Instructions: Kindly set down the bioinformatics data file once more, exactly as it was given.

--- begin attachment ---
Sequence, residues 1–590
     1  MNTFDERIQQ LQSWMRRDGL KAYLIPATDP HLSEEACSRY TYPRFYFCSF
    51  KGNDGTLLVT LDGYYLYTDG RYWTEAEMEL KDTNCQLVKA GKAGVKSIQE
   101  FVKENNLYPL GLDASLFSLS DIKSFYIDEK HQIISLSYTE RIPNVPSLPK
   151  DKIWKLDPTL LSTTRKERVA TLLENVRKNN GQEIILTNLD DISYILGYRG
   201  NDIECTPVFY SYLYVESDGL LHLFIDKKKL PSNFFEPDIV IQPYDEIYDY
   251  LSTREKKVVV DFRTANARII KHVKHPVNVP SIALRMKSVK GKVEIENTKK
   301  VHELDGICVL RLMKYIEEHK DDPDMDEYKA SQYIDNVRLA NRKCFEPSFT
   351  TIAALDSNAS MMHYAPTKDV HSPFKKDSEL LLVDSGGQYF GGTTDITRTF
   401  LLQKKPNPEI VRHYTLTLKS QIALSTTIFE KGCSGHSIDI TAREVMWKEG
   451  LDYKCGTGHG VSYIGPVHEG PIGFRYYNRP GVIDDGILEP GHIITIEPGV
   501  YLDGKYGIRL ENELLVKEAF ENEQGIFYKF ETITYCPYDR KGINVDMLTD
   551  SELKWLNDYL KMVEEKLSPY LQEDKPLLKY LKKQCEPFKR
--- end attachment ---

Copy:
Sequence, residues 1–590
     1  MNTFDERIQQ LQSWMRRDGL KAYLIPATDP HLSEEACSRY TYPRFYFCSF
    51  KGNDGTLLVT LDGYYLYTDG RYWTEAEMEL KDTNCQLVKA GKAGVKSIQE
   101  FVKENNLYPL GLDASLFSLS DIKSFYIDEK HQIISLSYTE RIPNVPSLPK
   151  DKIWKLDPTL LSTTRKERVA TLLENVRKNN GQEIILTNLD DISYILGYRG
   201  NDIECTPVFY SYLYVESDGL LHLFIDKKKL PSNFFEPDIV IQPYDEIYDY
   251  LSTREKKVVV DFRTANARII KHVKHPVNVP SIALRMKSVK GKVEIENTKK
   301  VHELDGICVL RLMKYIEEHK DDPDMDEYKA SQYIDNVRLA NRKCFEPSFT
   351  TIAALDSNAS MMHYAPTKDV HSPFKKDSEL LLVDSGGQYF GGTTDITRTF
   401  LLQKKPNPEI VRHYTLTLKS QIALSTTIFE KGCSGHSIDI TAREVMWKEG
   451  LDYKCGTGHG VSYIGPVHEG PIGFRYYNRP GVIDDGILEP GHIITIEPGV
   501  YLDGKYGIRL ENELLVKEAF ENEQGIFYKF ETITYCPYDR KGINVDMLTD
   551  SELKWLNDYL KMVEEKLSPY LQEDKPLLKY LKKQCEPFKR